noticing your energy suckers…

“It takes as much energy to wish as it does to plan.” –Eleanor Roosevelt 

half-written, whole heartedly…

I have so many half-written posts from the last few weeks. I’ve written about democracy, racism. aging, my fears about the state of the world, cults & narcissism, sexism, motherhood, the artist Milton Glaser, the con of 1980s televangelists, kayaking with seals, our intricate vascular systems, humanism, menopause, radical acceptance, letting go, and realists vs. optimists. I haven’t felt like posting anything. Why?

I got curious, then it hit me…I think I have PAYING ATTENTION FATIGUE and I suspect many of you do too. The world is asking us to pay attention to so many things. I don’t need to add to anyone’s electronic burden now.

So, for the summer anyway, I’ll be posting mostly art, photographs, and short quotes…unless I change my mind, of course. The summer is still young.

“What if pain—like love—is just a place brave people visit?”

―Glennon Doyle Melton, Love Warrior

the space betwixt & between…

As I age, it seems much of life is experienced within the gray areas of uncertainty. Thankfully, now at fifty-three, I’m finding not knowing is sort of interesting, perhaps even a bit wonderfully mysterious.

study in grays, June 18th, 2020

attention span & quotes

I’ve started writing my thoughts about the pandemic, sheltering in place, and the emotional & economic damage the virus is causing around the world, but I lately I’m very distracted.

Is that a cardinal? What day is it? Who was in that movie? Do we have chocolate chips?

Like my adored grandfather, Louis (and my big sister, Laurie) quotes have always provided a lot of inspiration when I feel a little stuck. Sometimes they work, other times, not so much.

Today, they proved rather effective. Ask me in 15 minutes though, and I might tell you otherwise…or barely remember crafting this blog post altogether. They were unattributed.

Every single thing that has ever happened in your life is preparing you for a moment that is yet to come.

Life is often a struggle, with little bouts of ease. I think we do a disservice, especially to our children, to teach them otherwise. We can learn from every life experience if we can wrap our heads around thinking this way.

my corona life part II…

Living—April

  1. New neighborhood signs appeared
  2. Easter Sunday—showered, dressed up, food, champagne, and gin rummy
  3. Picking the banjo, walking with Jeff, trivia with friends, a porch visit with Ellis
  4. Walking with friends, Lillian’s Zoom birthday party, making bagels, oh,the greys…& the blues too

Arriving—April

My great-nephew arrived in South Dakota. Welcome to the world buddy.

Creating—April

Unearthing—April

my corona life part I…

I’ve been thinking about how we will collectively remember this time in history. I decided to look back—photos, emails, texts, notes and more. Here’s a snapshot of my discoveries.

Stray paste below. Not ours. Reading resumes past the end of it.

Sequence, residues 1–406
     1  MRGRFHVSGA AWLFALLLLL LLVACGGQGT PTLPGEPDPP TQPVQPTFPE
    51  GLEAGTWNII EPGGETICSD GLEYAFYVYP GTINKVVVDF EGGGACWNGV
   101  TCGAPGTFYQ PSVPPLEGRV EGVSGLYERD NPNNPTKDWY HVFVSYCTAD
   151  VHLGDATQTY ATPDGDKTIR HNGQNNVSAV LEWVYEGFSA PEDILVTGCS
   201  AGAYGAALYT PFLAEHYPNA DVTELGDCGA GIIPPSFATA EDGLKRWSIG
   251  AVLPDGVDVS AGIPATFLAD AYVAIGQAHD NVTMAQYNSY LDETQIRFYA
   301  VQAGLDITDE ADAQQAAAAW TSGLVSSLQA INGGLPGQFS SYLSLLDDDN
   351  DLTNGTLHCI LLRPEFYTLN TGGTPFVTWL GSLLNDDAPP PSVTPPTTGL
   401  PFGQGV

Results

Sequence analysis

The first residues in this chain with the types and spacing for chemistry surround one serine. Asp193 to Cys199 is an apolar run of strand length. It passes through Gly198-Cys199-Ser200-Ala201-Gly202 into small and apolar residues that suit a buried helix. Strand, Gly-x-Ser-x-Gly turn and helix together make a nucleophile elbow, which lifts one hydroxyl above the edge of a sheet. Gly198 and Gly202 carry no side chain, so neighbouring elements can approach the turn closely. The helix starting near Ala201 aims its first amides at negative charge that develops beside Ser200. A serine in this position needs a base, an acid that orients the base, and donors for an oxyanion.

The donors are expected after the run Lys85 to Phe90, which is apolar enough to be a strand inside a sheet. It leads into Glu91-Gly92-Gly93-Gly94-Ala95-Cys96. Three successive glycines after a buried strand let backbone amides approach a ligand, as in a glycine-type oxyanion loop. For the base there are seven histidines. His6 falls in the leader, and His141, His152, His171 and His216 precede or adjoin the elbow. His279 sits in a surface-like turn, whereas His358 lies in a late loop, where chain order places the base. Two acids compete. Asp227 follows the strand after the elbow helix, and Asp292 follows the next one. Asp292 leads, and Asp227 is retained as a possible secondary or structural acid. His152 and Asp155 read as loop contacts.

Now, these images show the mostly good memories of sheltering in place. I unfortunately, didn’t document my hissy fits, pity party days on the couch watching TV, dumping the remainder of the potato chip bag in my mouth over the sink, or the times I just drove away because my family was bugging the crap out of me.

I suspect many of you can both imagine and empathize.

Living—March

  1. A snow day.
  2. My rehearsal dinner dress—circa spring of 1992.
  3. Jen Wool appropriately social distancing.
  4. A multi-day March headache.
  5. Beer and trivial pursuit with the girls and Jeff.
  6. Willa visiting Joanne and Bob.
  7. Ellis stopping by for a front stoop chat.
  8. Coffee time with Karen and Jeff.
  9. Making coffee time a little fancier with my Grandmother’s china and a vintage wrap.

Unearthed—March

  1. Lucy, Willa, and Jacob at Lake Winnipesaukee.
  2. A Govoni family cookout circa summer 1998.
  3. Things I wanted to do circa 1989…I either got distracted or thought leaving 20 blank was clever.
  4. A note from my Dad sometime in the mid-90s after I had moved to Vermont.
  5. Photos of a gorgeous house Jeff and I used to house sit when we were dating.
  6. The wallet of my great uncle, that I was able to return to his family.
  7. Below, notes on my phone I found funny and insightful.

unprofessional networking

Until the last few years I’ve seen myself as a bohemian mother, artist, memory maker and caretaker/gatekeeper of developing minds. I’ve viewed my life’s work as the unrealized career of a woman who struggles with organization and focus…not anymore. Actually now that I even saw myself like that, it seems like total bullshit.

I thought as my children grew up that they might be disappointed in me that I didn’t have a traditional career. Talk of the other moms who were doctors, lawyers or therapists sometimes resulted in a sense of less than for me. I assumed my children would all want the total opposite of my life—high powered jobs with days spent kickin’ ass and taking names. Not days filled with kids, carpools, chores, errands, creative work (rarely sold), homemaking and hanging out with friends.

I know many families are unable to have a parent at home, a luxury indeed (especially regarding health insurance). However, increasingly folks find themselves in work/home situations that require a lot of strategy to keep things humming along. Commuting to other cities during the week, working remotely, running home businesses or freelancing are such common scenarios of modern life.